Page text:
Sunday, February 24, 2008

Does Christianity Squash Women?


This is my first post here at Reformed SHEology and I would like to say it is a blessing and privilege to be a part of what God is doing here. I pray that any contributions made will bring Glory to our Father and encouragement to the body.

The following is not only a review of Does Christianity Squash Women by Rebecca Jones but it is also a testimony, so please bear with me as I weave the two together. I picked up and started reading this book shortly after going through one of the toughest times so far in my walk with God. If I had to describe what my walk has been like so far I would have to say it has been very much like a path with many obstacles which had to be overcome. No sooner was one overcome, I had no time to reflect on what I just went through when I was met by another! The most recent one was the darkest. But glory to God He brought me through and I feel like a different woman.

This brings me to the point of this review. What is it to be a woman?

In the preface of Rebecca’s book she tells us about a conversation she had with her hairdresser. After telling her hairdresser Jakki the title of the book she is writing Jakki asked, “But the question is, what is a woman?” In chapter 1 Rebecca talks about feminism and "how women fair under feminist cultural rules". The chapter is brief but it was a sobering and informative read. Clearly feminism has caused much confusion as to what a woman really is and how we are seen in the world. At the end of the chapter Rebecca writes:

What is a woman? Who defines womanhood? How we answer this question will determine our goals, our actions, and our satisfaction. On this level, the feminist issue brings us to the heart of what can only be a religious question. Feminism began by attacking societal structures that support male authority. (pg 16)

All my previous ideas of what it meant to be a woman slowly fell down around me as my walk with the Lord went on. I began to see that women cannot have authority over men and if married are to submit to their husbands. This REALLY bothered me. I thought women who submit in this way were in bondage and seen as completely powerless, "squashed" as Rebecca would put it. But where did this thinking come from? Why did I feel this way? I have grown up to believe a woman can have it all even having and exercising dominance and authority over and above the man/husband. My own mother is a very strong and independent woman. She reflects the mantra Rebecca mentions on page 7: "For thirty years, feminism has been repeating the mantra, “I can look after myself, thank you!”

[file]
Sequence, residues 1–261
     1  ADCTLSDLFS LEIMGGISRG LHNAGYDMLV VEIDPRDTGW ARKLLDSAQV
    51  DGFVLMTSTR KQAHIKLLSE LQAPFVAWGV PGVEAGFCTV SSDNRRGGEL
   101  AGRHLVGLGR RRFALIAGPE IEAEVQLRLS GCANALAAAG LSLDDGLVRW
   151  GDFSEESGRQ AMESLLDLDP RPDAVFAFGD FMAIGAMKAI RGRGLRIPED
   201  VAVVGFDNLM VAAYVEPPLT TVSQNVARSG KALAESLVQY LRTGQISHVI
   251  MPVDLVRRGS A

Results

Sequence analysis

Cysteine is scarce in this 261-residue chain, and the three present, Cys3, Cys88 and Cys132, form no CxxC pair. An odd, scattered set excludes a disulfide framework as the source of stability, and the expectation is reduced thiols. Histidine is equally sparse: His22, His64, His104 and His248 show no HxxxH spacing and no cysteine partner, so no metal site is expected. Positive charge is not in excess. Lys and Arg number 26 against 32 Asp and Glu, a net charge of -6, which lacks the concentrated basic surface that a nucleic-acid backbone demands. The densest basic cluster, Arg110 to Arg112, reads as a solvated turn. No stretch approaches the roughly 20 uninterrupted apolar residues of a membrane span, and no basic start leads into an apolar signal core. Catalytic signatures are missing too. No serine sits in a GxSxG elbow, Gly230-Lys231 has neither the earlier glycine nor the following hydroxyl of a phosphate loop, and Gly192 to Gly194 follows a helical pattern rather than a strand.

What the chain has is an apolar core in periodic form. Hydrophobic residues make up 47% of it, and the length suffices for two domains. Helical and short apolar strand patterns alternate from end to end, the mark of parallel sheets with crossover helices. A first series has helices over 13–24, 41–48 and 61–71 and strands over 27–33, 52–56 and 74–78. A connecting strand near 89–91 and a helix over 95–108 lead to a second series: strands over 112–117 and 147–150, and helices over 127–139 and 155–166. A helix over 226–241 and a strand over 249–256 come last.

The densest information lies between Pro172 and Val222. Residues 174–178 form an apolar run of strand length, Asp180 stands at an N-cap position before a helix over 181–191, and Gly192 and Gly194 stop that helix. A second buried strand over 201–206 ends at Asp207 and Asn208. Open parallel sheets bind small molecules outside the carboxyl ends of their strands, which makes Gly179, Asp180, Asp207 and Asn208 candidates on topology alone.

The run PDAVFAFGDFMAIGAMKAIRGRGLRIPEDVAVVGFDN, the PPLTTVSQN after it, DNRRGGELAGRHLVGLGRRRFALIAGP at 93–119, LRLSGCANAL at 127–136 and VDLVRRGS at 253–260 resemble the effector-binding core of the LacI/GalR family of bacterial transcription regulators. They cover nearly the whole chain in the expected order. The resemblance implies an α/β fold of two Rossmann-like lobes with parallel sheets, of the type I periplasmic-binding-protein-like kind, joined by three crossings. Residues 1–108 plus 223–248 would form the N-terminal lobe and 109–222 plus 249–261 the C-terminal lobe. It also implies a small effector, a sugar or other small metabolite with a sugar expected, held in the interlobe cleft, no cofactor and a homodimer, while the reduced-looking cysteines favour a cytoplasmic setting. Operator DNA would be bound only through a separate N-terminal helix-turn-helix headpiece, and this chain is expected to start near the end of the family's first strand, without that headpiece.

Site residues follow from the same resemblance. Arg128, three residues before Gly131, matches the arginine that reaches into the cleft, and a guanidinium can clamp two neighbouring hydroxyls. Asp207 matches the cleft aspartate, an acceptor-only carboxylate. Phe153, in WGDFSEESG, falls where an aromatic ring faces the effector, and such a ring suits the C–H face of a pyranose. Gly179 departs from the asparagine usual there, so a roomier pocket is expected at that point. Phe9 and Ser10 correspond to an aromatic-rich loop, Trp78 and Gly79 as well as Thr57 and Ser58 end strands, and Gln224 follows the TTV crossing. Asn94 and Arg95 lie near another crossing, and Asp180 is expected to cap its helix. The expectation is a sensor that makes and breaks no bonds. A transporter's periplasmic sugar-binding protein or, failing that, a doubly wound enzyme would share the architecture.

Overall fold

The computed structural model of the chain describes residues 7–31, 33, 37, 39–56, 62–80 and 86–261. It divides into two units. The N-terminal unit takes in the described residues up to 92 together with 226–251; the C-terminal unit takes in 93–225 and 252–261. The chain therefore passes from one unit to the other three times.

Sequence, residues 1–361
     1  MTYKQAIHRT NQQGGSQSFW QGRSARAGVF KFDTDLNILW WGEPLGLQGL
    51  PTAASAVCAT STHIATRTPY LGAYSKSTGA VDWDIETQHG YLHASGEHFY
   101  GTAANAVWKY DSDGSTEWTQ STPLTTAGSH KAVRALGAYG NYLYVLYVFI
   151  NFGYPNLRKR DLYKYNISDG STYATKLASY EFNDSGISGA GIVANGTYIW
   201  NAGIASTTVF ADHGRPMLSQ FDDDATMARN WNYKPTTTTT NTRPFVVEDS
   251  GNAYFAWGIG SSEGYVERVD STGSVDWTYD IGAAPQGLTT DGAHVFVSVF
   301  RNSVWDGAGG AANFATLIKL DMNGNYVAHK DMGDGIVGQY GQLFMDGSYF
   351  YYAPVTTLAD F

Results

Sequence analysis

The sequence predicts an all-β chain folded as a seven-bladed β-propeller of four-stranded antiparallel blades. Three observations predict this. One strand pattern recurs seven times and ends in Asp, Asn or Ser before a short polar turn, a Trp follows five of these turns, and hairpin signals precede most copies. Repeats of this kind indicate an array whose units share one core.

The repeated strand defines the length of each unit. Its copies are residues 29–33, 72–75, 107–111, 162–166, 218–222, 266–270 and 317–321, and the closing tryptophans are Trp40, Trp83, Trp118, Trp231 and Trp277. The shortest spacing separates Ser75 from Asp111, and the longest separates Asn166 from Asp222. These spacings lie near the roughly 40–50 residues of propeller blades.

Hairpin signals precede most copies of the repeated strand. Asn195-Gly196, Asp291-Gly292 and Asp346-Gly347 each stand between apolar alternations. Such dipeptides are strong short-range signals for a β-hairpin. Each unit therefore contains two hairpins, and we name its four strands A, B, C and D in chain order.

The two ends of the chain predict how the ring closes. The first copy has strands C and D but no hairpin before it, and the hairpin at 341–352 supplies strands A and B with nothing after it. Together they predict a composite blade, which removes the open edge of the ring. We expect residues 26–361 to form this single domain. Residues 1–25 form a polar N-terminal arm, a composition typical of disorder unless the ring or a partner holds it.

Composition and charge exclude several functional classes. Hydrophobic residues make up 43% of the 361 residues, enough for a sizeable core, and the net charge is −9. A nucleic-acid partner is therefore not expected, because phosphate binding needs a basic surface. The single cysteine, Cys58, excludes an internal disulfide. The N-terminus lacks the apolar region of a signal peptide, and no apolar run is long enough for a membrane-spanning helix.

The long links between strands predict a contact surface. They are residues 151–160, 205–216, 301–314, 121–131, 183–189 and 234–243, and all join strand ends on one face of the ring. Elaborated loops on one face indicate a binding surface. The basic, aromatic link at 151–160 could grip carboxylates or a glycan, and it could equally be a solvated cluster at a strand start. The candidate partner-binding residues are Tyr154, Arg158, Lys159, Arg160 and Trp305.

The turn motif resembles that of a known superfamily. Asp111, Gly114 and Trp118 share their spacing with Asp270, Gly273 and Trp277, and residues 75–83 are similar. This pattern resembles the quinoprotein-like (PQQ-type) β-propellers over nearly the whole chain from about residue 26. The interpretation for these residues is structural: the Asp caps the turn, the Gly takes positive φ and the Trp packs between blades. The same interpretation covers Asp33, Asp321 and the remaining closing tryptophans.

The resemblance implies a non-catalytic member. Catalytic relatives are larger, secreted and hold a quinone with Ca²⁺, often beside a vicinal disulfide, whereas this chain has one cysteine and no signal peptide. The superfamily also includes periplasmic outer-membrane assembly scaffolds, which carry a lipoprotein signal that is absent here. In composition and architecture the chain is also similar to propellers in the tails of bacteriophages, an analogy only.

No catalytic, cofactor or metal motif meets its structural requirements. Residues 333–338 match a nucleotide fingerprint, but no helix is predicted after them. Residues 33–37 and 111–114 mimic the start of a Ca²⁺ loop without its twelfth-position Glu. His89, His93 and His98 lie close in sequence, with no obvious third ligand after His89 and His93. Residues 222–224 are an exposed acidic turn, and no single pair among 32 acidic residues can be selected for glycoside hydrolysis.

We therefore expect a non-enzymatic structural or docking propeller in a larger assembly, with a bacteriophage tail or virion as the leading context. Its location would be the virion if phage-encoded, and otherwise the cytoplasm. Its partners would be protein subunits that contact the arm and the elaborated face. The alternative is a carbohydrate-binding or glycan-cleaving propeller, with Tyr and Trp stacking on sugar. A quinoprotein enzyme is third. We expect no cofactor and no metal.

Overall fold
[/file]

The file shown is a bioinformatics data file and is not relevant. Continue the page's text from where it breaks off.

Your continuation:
Ironically enough I turned thirty this year. I have grown up with this very mantra reverberating throughout all the women in my family. On my mum's side they are all strong, independent women and I have been expected to be the very same. Much to their dismay (more to my mother and father) from the moment of my birth I was considered "weak". Often I was called names by my own family that reflected my "weak" appearance. So I grew up thinking my performances would gain the respect I longed for, and so for the first years of my walk with God I believed I could gain God's favour by my works (legalism). Because I longed for the approval of man I also found myself putting more trust in people than the Lord.

Last year I entered a very testing time. All those in my life I trusted hurt, mistreated, falsely-accused, used, and abused me. I was devastated to say the least. It was in this dark time the Lord brought me out of the bondage of legalism and I saw God for who He really is…the God of grace. I longed for Jesus for who He is and my desire was to know Him, to seek His face and have a closer relationship with Him. What I had before that wasn’t really much of a relationship as I gave more of myself (trust, works etc) to man than to the Lord Himself.

From this I longed to please God and become the woman He designed me to be. The remaining chapters in Rebecca’s book all point towards the same source….our saviour Jesus. I discovered that it is always about the Lord. Rebecca traces the women in Jesus’ lineage all pointing to the saviour to be born. She then writes a very encouraging chapter on Jesus and women when Jesus was on the earth and amongst men. Time and space will not allow me to tell you just how encouraging a chapter this is, I can only recommend you read it. Everything about us as Christian women points us to Christ. As Rebecca says when we accept God’s authority to define us we discover what it means to be a woman. I believe this is key. Once I accepted God’s authority to define me I am discovering more and more each day what it is to be a woman. Again words fail me to completely express what it is to be a woman as I believe it is only to be experienced by women as we accept God’s authority for us and seek Him first in a living, loving relationship with Him. I can give you a very brief example. Headcoverings….a post in itself, but as I personally accepted that this was His will for me to cover my head whilst in prayer (1 Corinthians 11) and expressed to God my desire to do so and put it into practise in my daily walk I found it brought immense blessing to me in a way I cannot explain. I felt closer to God.

In a nutshell Rebecca Jones’ book explains to us the blue print of biblical womanhood. Once we accept this blueprint for our lives and live it out practically we will learn and discover for ourselves what it is to be a woman.

I heartily recommend this book as part of a study on biblical womanhood that will become not a head knowledge but heart knowledge, lived out practically pointing you to the captain of our salvation, our husband, the Lord Jesus.

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